Same-sex marriage campaigns should heed local sentiments
This was originally published in The Jewish Journal on May 23, 2013.
The Rev. Martin Luther King Jr. wrote, “Let us realize the arc of the moral universe is long but it bends toward justice.” Since the May 8 vote to approve North Carolina’s Amendment One referendum, which constitutionally bars the state from recognizing as legal any marriage other than that of a man to a woman, his words still ring true. Our march toward justice for all citizens of North Carolina, for all God’s children, is incomplete.
In Judaism, a “heshbon hanefesh” is an “accounting of the soul.” The concept helps us clarify how we go forward.
Our campaign against Amendment One made significant inroads in mobilizing the support and energy of the state’s African-American community, thanks in large part to the incredible leadership of the North Carolina NAACP’s president, the Rev. William Barber. He framed the issue as one of basic civil rights, upholding the equal protection clause of the 14th Amendment, rather than just as an issue of marriage, and that resonated with many African-American community leaders.
In doing so, he strengthened opposition to Amendment One while acknowledging that many will, and are entitled to, have major problems with same-sex marriages. I found the shift from support of the amendment to opposition heartening.
The fight joined many committed people who worked to create a “coalition for goodness and justice.” Our dynamic group, whose members barely knew each other when we started, will continue to fight for social justice issues for all North Carolinians.
Nonetheless, the defeat was far worse than expected. The amendment passed by a whopping 21 percentage points even though polls had predicted a 10-point victory.
So what exactly went wrong?
Professor Maxine Eichner of the University of North Carolina School of Law and other experts, including family-law professors from most of the state’s law schools, detailed the possible harmful and unintended consequences of the amendment. One poll indicated that people would vote against the amendment if it were shown to harm families and children. Reliance on this information became the campaign’s strategy.
But basing a campaign on such information was a major tactical error, and several in the anti-amendment coalition tried to point this out. For two weeks prior to the referendum, amendment supporters ran an effective campaign countering Eichner’s arguments. It included call-in phone briefings with lawyers dismissing the fears raised by the professor.
The “don’t harm families” approach also was reflected in the name of the major organization against the amendment—“Protect NC Families.” The name does not say what the organization stands for and is close in name to “Focus on the Family,” a national organization that opposes recognition of gay marriage. This similarity led to confusion.
I’m also not sure that those who came from out of state to help defeat Amendment One understood the people of North Carolina. They were well meaning, but now move on to another battleground. Their record on defeating these amendments is 33 losses and one victory. Is not a strategy change warranted?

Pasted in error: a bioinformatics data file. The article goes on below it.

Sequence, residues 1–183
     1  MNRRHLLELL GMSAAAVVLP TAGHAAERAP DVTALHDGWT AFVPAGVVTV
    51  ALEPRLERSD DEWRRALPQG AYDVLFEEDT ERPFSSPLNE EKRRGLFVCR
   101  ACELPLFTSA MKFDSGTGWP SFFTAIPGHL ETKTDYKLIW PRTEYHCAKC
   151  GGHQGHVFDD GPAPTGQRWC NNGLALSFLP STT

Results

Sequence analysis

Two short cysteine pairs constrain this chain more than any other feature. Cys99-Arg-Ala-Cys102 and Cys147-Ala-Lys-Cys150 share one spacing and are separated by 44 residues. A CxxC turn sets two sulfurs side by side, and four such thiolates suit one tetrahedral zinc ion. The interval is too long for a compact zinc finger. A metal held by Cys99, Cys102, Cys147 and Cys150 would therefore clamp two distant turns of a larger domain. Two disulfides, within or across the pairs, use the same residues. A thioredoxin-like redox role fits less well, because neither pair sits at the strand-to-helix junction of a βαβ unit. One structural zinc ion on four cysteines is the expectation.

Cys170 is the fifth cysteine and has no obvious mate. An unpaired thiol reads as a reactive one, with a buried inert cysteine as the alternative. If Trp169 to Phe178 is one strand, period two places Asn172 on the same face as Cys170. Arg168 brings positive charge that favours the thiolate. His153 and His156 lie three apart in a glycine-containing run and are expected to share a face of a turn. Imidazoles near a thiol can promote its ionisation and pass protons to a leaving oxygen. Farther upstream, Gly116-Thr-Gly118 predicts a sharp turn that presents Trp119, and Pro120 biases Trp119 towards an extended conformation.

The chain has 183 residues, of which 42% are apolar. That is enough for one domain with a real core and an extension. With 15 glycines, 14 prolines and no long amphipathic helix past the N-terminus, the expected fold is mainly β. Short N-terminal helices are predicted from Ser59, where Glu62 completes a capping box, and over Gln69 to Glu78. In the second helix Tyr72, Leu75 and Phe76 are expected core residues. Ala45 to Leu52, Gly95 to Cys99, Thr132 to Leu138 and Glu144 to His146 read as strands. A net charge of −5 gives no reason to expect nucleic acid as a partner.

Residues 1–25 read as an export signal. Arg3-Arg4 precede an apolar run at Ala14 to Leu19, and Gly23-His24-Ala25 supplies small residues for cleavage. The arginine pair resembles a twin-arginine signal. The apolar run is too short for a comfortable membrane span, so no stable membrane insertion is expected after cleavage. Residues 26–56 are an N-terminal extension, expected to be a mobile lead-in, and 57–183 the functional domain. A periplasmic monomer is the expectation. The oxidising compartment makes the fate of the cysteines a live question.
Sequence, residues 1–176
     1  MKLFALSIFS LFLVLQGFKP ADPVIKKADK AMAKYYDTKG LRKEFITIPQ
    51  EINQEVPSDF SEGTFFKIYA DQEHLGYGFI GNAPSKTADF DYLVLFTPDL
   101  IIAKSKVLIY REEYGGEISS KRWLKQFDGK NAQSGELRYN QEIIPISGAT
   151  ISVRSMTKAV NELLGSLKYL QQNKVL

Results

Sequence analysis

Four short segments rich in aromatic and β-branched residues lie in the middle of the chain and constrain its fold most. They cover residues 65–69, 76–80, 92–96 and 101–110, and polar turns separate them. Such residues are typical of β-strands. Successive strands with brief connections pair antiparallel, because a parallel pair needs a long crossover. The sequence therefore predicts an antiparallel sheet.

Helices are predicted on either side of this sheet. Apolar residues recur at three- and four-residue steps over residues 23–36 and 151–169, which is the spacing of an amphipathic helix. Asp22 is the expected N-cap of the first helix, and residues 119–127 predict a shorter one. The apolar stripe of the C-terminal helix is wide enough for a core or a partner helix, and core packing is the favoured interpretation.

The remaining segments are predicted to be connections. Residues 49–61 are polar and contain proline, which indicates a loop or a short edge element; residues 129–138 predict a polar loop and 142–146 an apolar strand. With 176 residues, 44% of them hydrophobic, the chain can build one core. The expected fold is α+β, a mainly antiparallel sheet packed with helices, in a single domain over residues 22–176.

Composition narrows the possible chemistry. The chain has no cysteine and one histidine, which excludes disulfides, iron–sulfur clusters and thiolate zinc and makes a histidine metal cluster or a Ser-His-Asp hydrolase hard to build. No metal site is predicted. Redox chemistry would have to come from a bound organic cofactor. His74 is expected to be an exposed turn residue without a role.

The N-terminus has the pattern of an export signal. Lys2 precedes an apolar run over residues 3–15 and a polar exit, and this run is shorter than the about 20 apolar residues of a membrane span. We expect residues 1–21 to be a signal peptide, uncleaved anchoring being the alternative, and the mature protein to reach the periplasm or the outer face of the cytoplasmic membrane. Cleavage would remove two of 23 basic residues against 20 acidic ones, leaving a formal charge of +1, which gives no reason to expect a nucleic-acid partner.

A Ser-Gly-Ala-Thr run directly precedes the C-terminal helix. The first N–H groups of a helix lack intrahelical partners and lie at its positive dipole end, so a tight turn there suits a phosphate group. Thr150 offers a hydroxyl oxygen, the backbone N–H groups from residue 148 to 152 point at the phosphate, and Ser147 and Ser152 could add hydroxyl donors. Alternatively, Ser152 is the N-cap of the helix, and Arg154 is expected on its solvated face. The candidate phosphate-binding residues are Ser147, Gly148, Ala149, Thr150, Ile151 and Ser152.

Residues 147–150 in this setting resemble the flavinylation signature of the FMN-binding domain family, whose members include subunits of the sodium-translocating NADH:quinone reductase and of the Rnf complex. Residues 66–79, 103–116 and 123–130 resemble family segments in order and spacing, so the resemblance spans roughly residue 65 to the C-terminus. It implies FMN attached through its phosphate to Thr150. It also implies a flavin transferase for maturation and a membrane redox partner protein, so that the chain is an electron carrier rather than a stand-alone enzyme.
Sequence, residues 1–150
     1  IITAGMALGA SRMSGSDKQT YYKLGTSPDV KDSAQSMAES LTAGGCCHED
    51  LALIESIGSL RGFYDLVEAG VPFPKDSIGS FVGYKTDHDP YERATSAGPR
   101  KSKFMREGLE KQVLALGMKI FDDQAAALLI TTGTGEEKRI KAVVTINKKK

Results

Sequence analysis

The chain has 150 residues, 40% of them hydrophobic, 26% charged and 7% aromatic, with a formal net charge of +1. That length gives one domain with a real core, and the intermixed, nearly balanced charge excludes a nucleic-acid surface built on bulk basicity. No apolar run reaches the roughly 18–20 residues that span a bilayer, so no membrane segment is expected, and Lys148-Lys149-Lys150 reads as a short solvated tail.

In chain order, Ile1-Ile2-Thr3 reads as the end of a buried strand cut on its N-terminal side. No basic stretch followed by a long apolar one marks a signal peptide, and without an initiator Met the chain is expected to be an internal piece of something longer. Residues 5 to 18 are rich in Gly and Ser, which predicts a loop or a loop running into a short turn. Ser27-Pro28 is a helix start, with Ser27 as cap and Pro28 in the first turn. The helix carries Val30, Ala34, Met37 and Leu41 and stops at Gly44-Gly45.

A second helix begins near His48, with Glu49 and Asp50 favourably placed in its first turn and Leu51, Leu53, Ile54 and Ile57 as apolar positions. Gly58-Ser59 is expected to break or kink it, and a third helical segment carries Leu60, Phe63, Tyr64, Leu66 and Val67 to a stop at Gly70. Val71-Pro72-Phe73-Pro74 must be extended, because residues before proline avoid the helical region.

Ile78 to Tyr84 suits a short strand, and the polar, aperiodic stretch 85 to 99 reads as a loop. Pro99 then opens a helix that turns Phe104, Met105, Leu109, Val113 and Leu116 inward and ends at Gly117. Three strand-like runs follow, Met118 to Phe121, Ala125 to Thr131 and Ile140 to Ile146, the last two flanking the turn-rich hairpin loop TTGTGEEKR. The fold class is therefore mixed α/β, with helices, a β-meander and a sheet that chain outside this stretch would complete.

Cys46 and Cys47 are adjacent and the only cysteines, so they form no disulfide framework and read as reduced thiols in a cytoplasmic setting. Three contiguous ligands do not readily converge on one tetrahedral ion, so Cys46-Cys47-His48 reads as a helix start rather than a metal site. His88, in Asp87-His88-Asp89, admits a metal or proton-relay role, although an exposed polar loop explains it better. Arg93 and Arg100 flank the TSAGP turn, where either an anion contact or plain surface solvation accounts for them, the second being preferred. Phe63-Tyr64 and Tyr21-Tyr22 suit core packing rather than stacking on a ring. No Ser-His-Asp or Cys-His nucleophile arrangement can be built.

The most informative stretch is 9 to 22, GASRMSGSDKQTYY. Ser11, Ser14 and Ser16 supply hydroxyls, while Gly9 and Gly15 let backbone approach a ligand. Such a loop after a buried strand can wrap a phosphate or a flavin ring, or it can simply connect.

Amendment One passed overwhelmingly because of the opposition’s inability to reframe the debate from marriage and on to civil rights. Months ago some of us warned that many North Carolinians who opposed same-sex marriages would vote against the amendment if they thought it was discriminatory and denied equal protection as guaranteed under the 14th Amendment.
The response was that the argument might gain traction in Greensboro, with its unique civil-rights history (the original sit-ins occurred at the downtown Woolworth department store), but would not resonate elsewhere in the state. Opponents also worried that it would shift focus from the “don’t harm families” strategy in a way that would be harmful at the polls.
The unexpectedly high margin of defeat tells us that basing the campaign on potential harms to families was a tactical error.
A related step that Amendment One opponents should have taken was to emphasize and publicize the pronouncements of prominent conservatives and libertarians who opposed the measure. They generally based their opposition on the same civil rights argument regarding violating the 14th Amendment’s guarantees of equal protection.
Finally, the Public Religion Research Institute showed that 52 percent of Americans favor allowing gay and lesbian couples to marry. Yet a significant number are afraid that legalizing same-sex marriage would force their clergy to officiate at such marriages. Consequently, they oppose same-sex marriage laws. Once people learned that no law could ever be passed that would require a faith community or clergy member to perform such a ceremony – that would be unconstitutional—support for the legalization of same-sex marriages increased to 58 percent.
Would this amendment have passed if the campaign been managed differently? No one can be sure. Many against the amendment feel that had local people been listened to, the vote could have at least been closer.
Our next step, aside from various legal challenges, should be to convene focus groups of those who opposed Amendment One. We have to ask the serious questions and plan a new strategy.
As King wrote, “Let us realize the arc of the moral universe is long but it bends toward justice.” Indeed, but the arc will bend only if those of us who care act wisely in our efforts to bend it.
Rabbi Fred Guttman is the senior rabbi at Temple Emanuel in Greensboro, NC.